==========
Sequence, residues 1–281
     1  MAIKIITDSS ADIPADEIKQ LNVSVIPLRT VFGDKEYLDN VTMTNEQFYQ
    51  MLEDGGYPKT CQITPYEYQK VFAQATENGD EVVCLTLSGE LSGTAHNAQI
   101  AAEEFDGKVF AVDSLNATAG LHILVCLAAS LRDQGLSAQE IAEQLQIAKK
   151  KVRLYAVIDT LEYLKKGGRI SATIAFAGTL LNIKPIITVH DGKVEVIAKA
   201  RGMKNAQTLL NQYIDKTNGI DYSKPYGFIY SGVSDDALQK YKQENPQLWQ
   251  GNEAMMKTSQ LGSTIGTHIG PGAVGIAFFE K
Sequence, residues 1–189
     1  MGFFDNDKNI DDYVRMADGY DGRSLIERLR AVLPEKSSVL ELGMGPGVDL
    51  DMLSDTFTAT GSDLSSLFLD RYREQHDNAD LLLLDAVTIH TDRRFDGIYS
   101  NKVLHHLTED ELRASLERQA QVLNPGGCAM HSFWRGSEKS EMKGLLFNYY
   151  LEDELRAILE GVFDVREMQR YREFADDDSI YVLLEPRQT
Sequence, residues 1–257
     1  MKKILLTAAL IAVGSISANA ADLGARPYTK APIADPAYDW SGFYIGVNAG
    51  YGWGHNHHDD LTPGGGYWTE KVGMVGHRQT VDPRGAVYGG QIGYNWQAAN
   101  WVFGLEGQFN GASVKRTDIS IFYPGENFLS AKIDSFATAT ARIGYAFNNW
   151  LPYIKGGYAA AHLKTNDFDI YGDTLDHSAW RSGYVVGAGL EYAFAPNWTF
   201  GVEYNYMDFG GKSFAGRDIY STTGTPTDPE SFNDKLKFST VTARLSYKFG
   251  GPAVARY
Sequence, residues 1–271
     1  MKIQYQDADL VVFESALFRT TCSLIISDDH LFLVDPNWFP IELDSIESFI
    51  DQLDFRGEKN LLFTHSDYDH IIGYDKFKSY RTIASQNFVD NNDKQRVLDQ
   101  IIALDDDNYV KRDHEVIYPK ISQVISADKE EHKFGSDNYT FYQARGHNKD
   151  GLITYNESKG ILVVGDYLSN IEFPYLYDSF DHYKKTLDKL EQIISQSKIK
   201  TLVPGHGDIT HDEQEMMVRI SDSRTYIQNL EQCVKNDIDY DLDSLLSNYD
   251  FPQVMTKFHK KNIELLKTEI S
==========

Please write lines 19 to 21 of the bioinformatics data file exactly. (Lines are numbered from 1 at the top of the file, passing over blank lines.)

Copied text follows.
   251  GPAVARY
Sequence, residues 1–271
     1  MKIQYQDADL VVFESALFRT TCSLIISDDH LFLVDPNWFP IELDSIESFI